This recipe for vegan overnight yeasted waffles is dedicated to my fellow night owls. I would almost always rather stay up late to get something done than get up early. Since you do most of the work for these waffles the night before, if you want to make breakfast for guests, this is the perfect way to give yourself a few more minutes to sleep in. Aside from saving time in the morning, the waffles themselves are the perfect combination of crispy on the outside and moist on the inside, with a mild sourdough tang. And I won’t blame you a bit if you let your guests think you woke up at the break of dawn to make them.
I used to make the standard version of these overnight waffles, with dairy and eggs (recipe here), but I wasn’t sure if a version with plant-based substitutions would work. Turns out it was no big deal!
Also no big deal: Plant-based whipped cream. It’s made with coconut milk, and it’s a great topping for these waffles.
Don’t worry, making the whipped cream won’t increase your waffle prep time. It’s quick enough that you can whip it up while your waffles are in the waffle iron.
So there are two things that I put on waffles that are kind of non-standard, as far as I know. The first is peanut butter. Peanut butter on waffles with maple syrup is something I’ve been eating since I was a kid. The first time I had it, I remember saying it tasted like a Reese’s peanut butter cup. I don’t know if this is a weird topping, or totally common. Have you had it?
The other weird thing is a really recent innovation Steven and I came up with, sriracha syrup. I don’t even remember why we first decided to try this, but it’s just maple syrup mixed with sriracha chili sauce, to taste.
I took both of these to the next level, though, and made myself a waffle with peanut butter, sriracha syrup, and strawberries on top. I know it sounds weird.
But guys, it was delicious. I’d do it again in a heartbeat.
I wasn’t even planning to blog about this combo, so this unstyled, candid shot is my only documentation right now. Trust me, it’s good, like a spicy peanut butter and jelly sandwich.
What’s the most unusual thing you’ve put on a waffle?
Vegan Overnight Yeasted Waffles
1/2 cup warm water (105º-110º F)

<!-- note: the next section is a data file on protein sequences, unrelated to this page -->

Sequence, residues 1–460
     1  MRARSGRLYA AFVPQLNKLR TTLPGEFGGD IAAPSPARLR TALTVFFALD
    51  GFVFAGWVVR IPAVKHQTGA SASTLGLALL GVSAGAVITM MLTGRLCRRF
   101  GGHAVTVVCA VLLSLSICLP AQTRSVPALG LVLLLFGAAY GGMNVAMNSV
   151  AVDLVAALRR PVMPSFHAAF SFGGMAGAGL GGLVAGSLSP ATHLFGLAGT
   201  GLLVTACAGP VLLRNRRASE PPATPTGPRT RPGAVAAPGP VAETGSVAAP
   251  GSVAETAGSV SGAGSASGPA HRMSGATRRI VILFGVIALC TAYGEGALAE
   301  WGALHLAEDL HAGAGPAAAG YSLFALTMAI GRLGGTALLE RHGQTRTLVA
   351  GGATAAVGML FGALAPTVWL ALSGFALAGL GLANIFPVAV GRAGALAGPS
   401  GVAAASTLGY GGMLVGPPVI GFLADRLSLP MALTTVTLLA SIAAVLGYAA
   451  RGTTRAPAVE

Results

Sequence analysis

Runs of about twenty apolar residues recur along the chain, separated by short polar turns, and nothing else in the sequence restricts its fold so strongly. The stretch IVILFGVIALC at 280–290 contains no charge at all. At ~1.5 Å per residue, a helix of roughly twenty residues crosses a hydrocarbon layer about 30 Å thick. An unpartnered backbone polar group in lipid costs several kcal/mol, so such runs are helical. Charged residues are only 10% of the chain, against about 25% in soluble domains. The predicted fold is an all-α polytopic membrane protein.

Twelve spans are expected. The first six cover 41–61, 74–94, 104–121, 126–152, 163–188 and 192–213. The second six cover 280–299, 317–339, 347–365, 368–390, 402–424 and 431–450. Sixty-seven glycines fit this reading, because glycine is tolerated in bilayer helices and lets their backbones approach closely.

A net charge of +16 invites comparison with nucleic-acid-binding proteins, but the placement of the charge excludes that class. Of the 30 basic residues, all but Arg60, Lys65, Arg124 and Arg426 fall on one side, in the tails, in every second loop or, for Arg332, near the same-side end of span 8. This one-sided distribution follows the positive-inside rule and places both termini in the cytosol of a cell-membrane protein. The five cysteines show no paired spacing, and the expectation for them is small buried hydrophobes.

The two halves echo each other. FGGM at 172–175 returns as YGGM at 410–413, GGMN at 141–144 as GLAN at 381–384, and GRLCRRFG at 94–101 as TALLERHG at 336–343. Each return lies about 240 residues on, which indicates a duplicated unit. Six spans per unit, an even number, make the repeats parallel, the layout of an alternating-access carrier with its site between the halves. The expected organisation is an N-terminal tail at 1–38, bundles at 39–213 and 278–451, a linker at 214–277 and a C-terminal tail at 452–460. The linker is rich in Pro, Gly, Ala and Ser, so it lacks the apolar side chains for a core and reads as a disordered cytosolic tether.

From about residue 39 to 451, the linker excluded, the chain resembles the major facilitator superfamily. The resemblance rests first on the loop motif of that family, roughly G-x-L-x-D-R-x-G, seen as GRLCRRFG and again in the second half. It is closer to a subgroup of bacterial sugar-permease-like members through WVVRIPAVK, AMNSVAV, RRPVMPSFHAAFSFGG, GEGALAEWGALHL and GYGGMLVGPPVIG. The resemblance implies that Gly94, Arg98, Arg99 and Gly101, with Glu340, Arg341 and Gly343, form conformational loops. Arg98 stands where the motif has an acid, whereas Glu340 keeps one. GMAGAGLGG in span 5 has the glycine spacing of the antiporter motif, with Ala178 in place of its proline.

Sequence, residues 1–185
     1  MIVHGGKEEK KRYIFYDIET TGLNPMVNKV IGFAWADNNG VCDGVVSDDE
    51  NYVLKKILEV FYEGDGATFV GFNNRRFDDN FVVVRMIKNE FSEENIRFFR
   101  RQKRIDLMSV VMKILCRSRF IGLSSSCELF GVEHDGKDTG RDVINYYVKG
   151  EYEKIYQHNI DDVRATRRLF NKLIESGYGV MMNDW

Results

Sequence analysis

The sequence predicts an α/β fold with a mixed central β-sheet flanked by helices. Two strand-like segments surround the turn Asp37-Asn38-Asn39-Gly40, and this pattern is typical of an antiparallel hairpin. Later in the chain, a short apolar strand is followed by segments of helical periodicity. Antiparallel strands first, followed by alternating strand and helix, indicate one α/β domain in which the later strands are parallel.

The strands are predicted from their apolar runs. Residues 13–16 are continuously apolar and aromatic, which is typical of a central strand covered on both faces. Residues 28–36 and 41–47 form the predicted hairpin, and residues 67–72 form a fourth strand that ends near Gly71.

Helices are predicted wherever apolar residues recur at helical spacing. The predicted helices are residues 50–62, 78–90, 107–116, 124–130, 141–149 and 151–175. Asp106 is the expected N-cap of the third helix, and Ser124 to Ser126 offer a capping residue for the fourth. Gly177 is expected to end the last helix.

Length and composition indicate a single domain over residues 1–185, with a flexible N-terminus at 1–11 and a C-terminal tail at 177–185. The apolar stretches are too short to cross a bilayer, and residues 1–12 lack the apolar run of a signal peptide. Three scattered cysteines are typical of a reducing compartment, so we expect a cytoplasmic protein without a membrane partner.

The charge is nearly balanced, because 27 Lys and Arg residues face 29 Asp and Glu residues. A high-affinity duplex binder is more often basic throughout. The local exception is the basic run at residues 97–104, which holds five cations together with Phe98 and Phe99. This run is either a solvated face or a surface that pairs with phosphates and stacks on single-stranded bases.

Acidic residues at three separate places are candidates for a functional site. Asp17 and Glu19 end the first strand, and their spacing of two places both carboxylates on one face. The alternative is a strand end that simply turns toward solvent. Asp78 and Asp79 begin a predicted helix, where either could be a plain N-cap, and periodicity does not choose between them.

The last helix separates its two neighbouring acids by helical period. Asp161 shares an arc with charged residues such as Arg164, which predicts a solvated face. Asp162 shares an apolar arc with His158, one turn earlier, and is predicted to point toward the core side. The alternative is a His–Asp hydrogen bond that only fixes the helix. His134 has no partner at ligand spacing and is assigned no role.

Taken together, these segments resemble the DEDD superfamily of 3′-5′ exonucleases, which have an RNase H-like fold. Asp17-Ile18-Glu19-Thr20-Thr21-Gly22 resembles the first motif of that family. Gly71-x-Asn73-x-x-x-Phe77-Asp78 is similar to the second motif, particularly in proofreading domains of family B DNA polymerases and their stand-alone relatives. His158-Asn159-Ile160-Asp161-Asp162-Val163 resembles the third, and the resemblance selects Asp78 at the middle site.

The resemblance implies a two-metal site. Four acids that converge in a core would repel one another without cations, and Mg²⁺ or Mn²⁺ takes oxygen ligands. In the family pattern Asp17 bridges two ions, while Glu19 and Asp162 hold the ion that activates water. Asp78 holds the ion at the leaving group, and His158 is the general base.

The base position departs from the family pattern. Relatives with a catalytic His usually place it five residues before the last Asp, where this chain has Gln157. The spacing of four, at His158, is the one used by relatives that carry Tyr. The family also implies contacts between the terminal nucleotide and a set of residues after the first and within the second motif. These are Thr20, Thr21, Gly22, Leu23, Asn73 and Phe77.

1 packet (2 1/4 tsp) active dry yeast
2 cups lukewarm soy or almond milk, divided
1/4 cup coconut oil, melted and cooled to lukewarm (or substitute another vegetable oil)
2 1/2 cups whole wheat pastry flour (substitute white all-purpose flour, or a mixture of up to half whole wheat, half white all-purpose flour)
1 tsp sugar
1 tsp salt
1 tsp baking soda
Pour the warm water into a large mixing bowl. Sprinkle with yeast and sugar, and stir to combine. Allow to sit for 15 minutes, until dissolved and foamy.
Whisk in 1 cup of milk, oil, flour, and salt. Cover and allow to sit overnight.
The following morning, preheat the waffle iron and oil very lightly with a vegetable oil spray.
Whisk the remaining 1 cup of milk and baking soda into the batter. Prepare the waffles according to waffle iron manufacturer’s instructions, using 1/4 to 1/3 cup of batter per waffle.
If you’re making a batch for a group, put extra waffles directly on the rack in an oven set to “warm” while you make the rest of the waffles.
You can freeze extras, and pop them in the toaster when you’re ready to eat them!
Vegan Whipped Cream
1 14-ounce can (414 ml) full fat coconut milk* (I have heard that the Whole Foods 365 Full Fat brand works best)
1/4 – 3/4 cup (28 – 84g) powdered sugar
optional: 1/2 tsp vanilla extract
The night before you plan to make this whipped cream, put your can of coconut milk in the refrigerator overnight, being sure not to shake or tip the can to encourage separation of the cream and liquid. (If you forget, I’ve had success putting the can in the freezer for 2 hours before use.)
Chill a large mixing bowl and mixer whisk in the freezer for at least 10 minutes before you plan to make your whipped cream.
Remove the coconut milk from the fridge without tipping or shaking, and remove the lid. Scrape out the top, thickened cream and leave the liquid behind (reserve for use).
Note: if your coconut milk didn’t harden, you may have gotten a can without the right fat content. In that case, you can try to salvage it with a bit of tapioca flour – 1 to 4 Tbsp – during the whipping process.
Place hardened cream in your chilled mixing bowl. Beat for 30 seconds with a mixer until creamy. Then add vanilla extract and 1/4 cup of powdered sugar. Mix until creamy and smooth – about 1 minute. Taste and add more powdered sugar as needed.
Use immediately or refrigerate – it will harden and set in the fridge the longer it’s chilled. Will keep for up to 1 – 2 weeks.
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